Studies on the Ontogeny of the Immune Function in Birds
Although formal genetics of birds is poorly developed if compared to that of certain mammalian species, the avian model presents certain advantages for immunological studies. The fact that birds possess a specialized organ for B cell differentiation, the bursa of Fabricius, was at the origin of the distinction of the two lymphocytes lineages which differ by their differentiation site and their role in the immune function.1–5 Moreover, the hematogenic hypothesis of the origin of the blood-forming organs was proposed as a result of investigations carried out in birds.6,7 By taking advantage of the possibility of operating on avian embryos during the critical period of organogene-sis, it was thereafter demonstrated that all the hematopoietic organs have to be seeded by stem cells of extrinsic origin during embryogenesis to differentiate and become functional.8–10 Thus, the decisive steps of thymic ontogenesis have been precisely defined in two closely related species of birds, the chick (Gallus gallus) and the Japanese quail (Coturnix coturnix japonica), both of which belong to the same family (the Phasi-anidae). The interest of working on these particular species resides in the cell marking system based on the unique structure of the interphase nucleus of all embryonic and adult cell types of the quail.11,12 Furthermore, development of the avian embryo allows foreign tissues to be grafted in the embryo in ovo, either between quail and chick or between chickens differing by the major histocompatibility complex (MHC), prior to the onset of immune system differentiation. One can, by this means, construct viable birds that are able to hatch and study the immunological status of the graft after birth when the host–s immune function has reached maturity.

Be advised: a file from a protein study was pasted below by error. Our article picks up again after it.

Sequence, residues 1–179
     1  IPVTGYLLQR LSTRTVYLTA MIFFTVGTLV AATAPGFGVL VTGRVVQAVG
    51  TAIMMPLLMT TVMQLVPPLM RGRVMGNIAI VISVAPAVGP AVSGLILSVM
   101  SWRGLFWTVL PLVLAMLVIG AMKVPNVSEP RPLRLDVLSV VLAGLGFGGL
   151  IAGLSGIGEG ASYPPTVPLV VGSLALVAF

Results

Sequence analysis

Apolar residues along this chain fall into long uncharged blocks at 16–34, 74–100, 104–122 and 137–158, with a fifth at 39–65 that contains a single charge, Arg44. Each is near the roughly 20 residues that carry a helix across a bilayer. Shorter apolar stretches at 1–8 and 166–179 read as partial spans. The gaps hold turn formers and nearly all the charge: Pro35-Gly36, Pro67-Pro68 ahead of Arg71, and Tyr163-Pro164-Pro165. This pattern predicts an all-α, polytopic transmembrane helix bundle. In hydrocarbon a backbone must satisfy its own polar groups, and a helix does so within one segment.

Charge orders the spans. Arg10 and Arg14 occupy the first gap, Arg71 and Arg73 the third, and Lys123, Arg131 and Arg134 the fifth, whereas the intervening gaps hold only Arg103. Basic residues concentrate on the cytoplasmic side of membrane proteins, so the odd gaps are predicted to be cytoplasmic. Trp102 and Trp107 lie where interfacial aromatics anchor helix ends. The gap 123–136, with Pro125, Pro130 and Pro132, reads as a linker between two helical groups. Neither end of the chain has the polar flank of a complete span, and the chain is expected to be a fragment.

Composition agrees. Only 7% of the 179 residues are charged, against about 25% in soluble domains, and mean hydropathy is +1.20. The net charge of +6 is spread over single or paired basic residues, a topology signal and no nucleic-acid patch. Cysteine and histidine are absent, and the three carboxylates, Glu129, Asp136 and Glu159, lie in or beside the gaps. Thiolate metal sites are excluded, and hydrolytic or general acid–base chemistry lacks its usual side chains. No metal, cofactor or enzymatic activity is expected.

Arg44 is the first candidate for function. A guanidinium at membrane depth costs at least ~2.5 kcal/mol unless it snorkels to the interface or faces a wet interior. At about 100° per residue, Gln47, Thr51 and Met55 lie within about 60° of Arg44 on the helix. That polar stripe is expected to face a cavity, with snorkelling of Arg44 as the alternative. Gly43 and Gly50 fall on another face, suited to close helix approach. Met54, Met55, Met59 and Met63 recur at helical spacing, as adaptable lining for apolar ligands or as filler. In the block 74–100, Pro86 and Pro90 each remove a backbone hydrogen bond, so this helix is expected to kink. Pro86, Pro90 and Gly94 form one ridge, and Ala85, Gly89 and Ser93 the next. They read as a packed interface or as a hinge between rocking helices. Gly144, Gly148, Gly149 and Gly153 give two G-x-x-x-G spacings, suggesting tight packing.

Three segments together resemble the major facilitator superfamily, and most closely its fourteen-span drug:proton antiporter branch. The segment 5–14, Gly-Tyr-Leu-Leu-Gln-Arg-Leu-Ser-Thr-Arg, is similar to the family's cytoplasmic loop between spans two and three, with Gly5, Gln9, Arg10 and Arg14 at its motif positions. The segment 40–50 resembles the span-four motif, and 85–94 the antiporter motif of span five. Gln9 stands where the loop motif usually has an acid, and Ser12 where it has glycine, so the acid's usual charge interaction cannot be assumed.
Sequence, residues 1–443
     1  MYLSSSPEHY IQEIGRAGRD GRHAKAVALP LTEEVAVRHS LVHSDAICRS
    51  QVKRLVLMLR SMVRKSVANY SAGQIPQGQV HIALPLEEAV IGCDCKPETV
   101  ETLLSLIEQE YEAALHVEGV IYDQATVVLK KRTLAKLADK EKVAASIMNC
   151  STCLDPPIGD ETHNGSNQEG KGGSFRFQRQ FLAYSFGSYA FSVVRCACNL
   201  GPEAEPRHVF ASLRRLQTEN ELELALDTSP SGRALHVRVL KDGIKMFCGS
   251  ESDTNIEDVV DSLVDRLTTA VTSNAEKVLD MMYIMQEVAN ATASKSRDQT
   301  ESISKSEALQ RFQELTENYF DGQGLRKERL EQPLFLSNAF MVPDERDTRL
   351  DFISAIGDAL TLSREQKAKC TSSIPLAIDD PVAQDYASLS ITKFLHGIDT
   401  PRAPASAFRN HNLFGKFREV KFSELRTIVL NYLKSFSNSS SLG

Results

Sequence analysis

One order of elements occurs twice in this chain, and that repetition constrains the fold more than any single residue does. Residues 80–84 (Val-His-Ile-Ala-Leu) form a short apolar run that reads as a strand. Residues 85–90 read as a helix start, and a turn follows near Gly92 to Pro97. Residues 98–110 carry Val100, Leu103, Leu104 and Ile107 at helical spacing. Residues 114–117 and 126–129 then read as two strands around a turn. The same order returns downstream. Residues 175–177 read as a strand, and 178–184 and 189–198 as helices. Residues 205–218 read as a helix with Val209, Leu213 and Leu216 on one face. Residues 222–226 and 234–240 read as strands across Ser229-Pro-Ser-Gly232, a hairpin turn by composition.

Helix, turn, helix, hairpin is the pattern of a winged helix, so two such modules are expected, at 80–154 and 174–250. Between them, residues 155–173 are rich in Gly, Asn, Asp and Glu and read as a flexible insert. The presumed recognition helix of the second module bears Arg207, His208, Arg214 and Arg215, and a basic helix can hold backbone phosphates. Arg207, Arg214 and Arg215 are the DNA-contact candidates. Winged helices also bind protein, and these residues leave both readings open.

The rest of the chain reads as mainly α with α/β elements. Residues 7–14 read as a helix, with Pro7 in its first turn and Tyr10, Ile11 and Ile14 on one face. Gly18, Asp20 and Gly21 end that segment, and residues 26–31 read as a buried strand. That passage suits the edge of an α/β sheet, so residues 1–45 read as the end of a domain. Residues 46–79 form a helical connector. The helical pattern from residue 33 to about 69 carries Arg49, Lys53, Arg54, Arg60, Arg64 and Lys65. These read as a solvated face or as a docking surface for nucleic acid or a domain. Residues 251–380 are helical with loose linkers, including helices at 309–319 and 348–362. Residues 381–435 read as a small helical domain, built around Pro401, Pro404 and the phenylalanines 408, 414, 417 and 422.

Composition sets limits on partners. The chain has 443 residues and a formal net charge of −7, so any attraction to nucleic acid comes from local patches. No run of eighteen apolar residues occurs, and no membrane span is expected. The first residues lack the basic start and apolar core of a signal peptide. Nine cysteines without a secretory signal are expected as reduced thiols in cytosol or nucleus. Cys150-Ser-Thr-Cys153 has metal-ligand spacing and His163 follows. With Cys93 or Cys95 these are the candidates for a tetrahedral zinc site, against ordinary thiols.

KeywordsMajor Histocompatibility Complex Major Histocompatibility Complex Class Skin Graft Mixed Lymphocyte Reaction Hemopoietic Cell
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